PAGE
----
Tsunamis devastate Samoan islands

An underwater earthquake with a magnitude of at least 8.0 generates giant walls of water that sweeps away entire communities.

A playground and a tennis park in Pago Pago, American Samoa, after a series of tsunamis hit the island.
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SYDNEY // A savage act of nature has shattered parts of the South Pacific after a powerful deep-sea earthquake sent a series of tsunamis crashing into Samoa and nearby American Samoa. Officials have said entire communities have been swept away by giant walls of water unleashed by violent seismic forces beneath the ocean floor.

There has been widespread loss of life and immense damage has been caused, but it is likely to be days, if not weeks, before the true extent of the disaster finally emerges amid reports that bodies have been washed out to sea or lie entombed under tonnes of sand. "About three to four villages got destroyed by the tsunami," said Faalua Tauai, a resident of Tutuila Island in American Samoa, a United States territory that lies in the Pacific between New Zealand and Hawaii. "The ocean came, it flooded all over, right on the road and then people got evacuated. They have to go on high, like mountains, and there's about five villages on the mountain, so that's where people are going."

Isolated and impoverished settlements will need generous outside help to recover the dead, treat the injured and house the displaced. The US president, Barack Obama, has declared a major disaster, which will trigger emergency aid for stricken areas. Eni Faleomavaega, who represents American Samoa in Congress, told reporters that the United States had the expertise to ensure that survivors would not be neglected.

"Let me just say that we've learned our lesson in [Hurricane] Katrina [that devastated New Orleans in 2005] and I'm quite sure we're already making preparations right now to send aircraft to provide the necessary supplies." Overseas tourists have also been caught up in the mayhem. Holiday resorts have been inundated in some of the worst-hit parts of Samoa and international visitors are among the dead.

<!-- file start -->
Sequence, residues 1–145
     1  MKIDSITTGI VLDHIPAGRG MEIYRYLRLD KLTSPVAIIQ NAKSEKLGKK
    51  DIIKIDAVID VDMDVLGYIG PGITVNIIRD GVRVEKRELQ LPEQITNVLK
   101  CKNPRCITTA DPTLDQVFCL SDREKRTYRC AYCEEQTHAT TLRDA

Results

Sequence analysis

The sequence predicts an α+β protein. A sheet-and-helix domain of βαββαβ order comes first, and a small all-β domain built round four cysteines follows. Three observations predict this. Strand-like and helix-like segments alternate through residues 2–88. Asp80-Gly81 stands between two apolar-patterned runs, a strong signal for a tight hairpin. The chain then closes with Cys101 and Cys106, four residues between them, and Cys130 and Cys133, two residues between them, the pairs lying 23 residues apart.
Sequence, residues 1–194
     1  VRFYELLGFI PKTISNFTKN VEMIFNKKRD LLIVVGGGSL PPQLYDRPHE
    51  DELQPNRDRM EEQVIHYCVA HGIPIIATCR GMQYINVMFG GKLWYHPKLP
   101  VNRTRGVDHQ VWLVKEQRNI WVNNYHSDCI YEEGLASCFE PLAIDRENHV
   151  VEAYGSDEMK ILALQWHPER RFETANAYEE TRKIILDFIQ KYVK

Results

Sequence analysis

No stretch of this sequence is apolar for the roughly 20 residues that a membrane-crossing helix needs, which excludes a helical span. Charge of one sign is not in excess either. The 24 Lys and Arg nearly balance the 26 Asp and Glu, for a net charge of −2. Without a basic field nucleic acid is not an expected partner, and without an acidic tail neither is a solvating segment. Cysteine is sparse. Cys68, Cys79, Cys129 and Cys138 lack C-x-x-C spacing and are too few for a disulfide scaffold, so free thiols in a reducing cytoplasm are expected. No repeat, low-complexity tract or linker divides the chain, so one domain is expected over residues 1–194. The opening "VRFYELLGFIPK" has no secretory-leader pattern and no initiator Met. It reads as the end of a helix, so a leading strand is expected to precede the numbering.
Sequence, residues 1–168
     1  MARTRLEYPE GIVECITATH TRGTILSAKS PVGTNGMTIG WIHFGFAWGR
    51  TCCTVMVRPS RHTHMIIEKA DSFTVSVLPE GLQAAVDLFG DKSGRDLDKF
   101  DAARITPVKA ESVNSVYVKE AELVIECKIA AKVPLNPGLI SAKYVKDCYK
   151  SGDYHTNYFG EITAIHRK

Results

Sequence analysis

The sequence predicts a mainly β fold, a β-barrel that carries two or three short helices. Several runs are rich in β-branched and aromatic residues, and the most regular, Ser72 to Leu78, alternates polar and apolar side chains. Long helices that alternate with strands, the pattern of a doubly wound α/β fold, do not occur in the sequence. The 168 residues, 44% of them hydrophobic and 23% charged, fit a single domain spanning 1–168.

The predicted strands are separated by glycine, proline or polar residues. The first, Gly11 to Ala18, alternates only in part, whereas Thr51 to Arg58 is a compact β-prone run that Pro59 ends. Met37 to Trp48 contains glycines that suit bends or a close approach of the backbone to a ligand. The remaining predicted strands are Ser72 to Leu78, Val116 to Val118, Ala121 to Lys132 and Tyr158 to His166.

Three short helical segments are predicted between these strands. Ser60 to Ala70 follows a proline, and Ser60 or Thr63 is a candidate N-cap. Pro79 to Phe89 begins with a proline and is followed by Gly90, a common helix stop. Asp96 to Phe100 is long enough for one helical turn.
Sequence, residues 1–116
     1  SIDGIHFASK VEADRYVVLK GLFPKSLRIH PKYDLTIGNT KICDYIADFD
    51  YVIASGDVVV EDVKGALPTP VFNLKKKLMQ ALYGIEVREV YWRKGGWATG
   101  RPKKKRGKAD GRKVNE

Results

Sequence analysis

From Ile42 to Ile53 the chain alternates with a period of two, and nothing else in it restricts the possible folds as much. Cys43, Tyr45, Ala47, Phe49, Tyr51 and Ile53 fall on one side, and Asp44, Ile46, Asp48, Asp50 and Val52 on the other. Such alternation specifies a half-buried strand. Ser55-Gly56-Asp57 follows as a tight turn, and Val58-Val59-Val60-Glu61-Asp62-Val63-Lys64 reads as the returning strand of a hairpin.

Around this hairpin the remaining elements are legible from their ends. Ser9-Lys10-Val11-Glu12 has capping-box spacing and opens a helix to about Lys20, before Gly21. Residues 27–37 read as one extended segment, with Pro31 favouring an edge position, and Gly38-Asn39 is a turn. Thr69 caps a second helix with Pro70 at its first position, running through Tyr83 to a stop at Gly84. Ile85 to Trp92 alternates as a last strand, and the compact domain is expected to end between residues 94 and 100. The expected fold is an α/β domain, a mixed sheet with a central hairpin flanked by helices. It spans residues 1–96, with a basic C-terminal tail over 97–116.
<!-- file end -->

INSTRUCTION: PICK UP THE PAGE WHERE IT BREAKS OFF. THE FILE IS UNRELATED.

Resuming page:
The Australian foreign minister, Stephen Smith, said: "The most difficult issue for us is that the disaster has struck the south-east portion of the island, where we find a number of both luxury and budget accommodation resorts and we're concerned that Australians may have been there holidaying." The emergency sparked panic across the region. Tsunami warnings were issued for New Zealand, Fiji and Tonga, where several islanders drowned, although Samoa and American Samoa bore the brunt of a furious onslaught.

Japan's Meteorological Agency put its entire east coast on alert, while on the other side of the Pacific Ocean, lifeguards in Los Angeles planned to clear beaches in response to the threat of dangerous currents. While a sophisticated network of sensors and deep-seas buoys allowed the Hawaii-based Pacific Tsunami Warning Center to raise the alarm quickly, the message failed to filter through in time to many of those who needed it most: islanders in remote parts of the Samoa archipelago where there are no telephone lines or electricity.

James Goff, a professor of tsunami research at the University of New South Wales, said the early warning systems failed those who have lost their lives. "They should not have died and that's largely because they didn't know what to do; they were not prepared and that is our failing as scientists, our failing in the tsunami community. People need to know what to do and it is not difficult. It is just a case of getting the message across."

Although the earthquake and large waves that struck Samoa and American Samoa were substantial, they were not on the same scale of the 2004 Indonesian tsunami that killed about 230,000 people across 11 countries. Scientists have said that catastrophic event was at least 10 times stronger than the 8.0 to 8.3 measurements being reported for Tuesday's quake far beneath the South Pacific. foreign desk@thenational.ae